Scientists working in the southwest Indian Ocean have described six new bizarre deep-sea creatures – unfortunately, in an area slated for mining operations.

A group of hairy-chested Hoff Crabs. Image credits: University of Southampton.

In 2009, researchers from the University of Southampton used a robotic submersible known as a remotely operated vehicle (ROV) to explore an area about the size of a football field, on the bottom of the sea, around a place called Longqi (‘Dragon’s Breath’), 2000 kilometres southeast of Madagascar. There, they found more than a dozen mineral spires known as ‘vent chimneys’. Now, these vent chimneys have long been associated some of the world’s oddest and most bizarre creatures so biologists were expecting to find something spectacular – and they did. At least six new species have been discovered, including a kind of hairy-chested crab, two species of snail, and new species of limpet, a scaleworm, and a deep-sea worm.

“We can be certain that the new species we’ve found also live elsewhere in the southwest Indian Ocean, as they will have migrated here from other sites, but at the moment no one really knows where, or how well-connected their populations are with those at Longqi,” study leader Jon Copley says in a statement.

A mineral chimney – a trove of nutrients for sea creatures, but also a point of interest for mining operations. Image credits: University of Southampton.

The team, which includes researchers at the Natural History Museum in London and Newcastle University, carried out genetic comparisons with other species to prove that they are new to science. They also found several other studies, including two species which have been previously discovered in completely different parts of the world: a species of scaleworm which lives at vents on the East Scotia Ridge in the Antarctic, 6,000 kilometres away, and a species of ragworm which was previously at vents in the eastern Pacific, more than 10,000 km away. We don’t know exactly how these creatures spread so far away.

“Finding these two species at Longqi shows that some vent animals may be more widely distributed across the oceans than we realised,” added Dr Copley.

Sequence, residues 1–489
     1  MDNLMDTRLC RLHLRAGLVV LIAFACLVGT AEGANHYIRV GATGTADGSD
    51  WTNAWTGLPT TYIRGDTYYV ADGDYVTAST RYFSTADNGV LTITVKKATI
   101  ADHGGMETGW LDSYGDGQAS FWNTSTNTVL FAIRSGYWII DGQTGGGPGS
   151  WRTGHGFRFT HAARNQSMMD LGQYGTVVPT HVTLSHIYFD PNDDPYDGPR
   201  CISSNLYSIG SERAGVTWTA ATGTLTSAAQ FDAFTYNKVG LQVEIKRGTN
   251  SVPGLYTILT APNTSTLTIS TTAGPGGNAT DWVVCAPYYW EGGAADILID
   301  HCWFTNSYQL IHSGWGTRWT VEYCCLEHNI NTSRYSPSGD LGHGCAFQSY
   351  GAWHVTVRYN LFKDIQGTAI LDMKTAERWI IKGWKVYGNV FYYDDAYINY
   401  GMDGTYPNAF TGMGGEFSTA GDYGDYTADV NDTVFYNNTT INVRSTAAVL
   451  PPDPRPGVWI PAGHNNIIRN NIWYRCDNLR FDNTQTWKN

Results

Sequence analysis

However, these spires, many of which rise more than two storeys above the seabed are also rich in gold and copper, attracting the interest of miners. In fact, the area where these creatures were found was already licensed for mining operations. Copley argues that the area needs to be better studied before such operations can commence:

“Our results highlight the need to explore other hydrothermal vents in the southwest Indian Ocean and investigate the connectivity of their populations, before any impacts from mineral exploration activities and future deep-sea mining can be assessed,” Copley says in a statement.

A stalked barnacle. Image credits: David Shale / University of Southampton.

However, he too acknowledges that the odds of dissuading the miners from starting operations are very small. The underwater mining industry is expected to grow significantly in future years, and sites like these seem simply doomed – along with the creatures which inhabit them.

Journal Reference: J. T. Copley, L. Marsh, A. G. Glover, V. Hühnerbach, V. E. Nye, W. D. K. Reid, C. J. Sweeting, B. D. Wigham & H. Wiklund. Ecology and biogeography of megafauna and macrofauna at the first known deep-sea hydrothermal vents on the ultraslow-spreading Southwest Indian Ridge. Scientific Reports 6, Article number: 39158 (2016) doi:10.1038/srep39158

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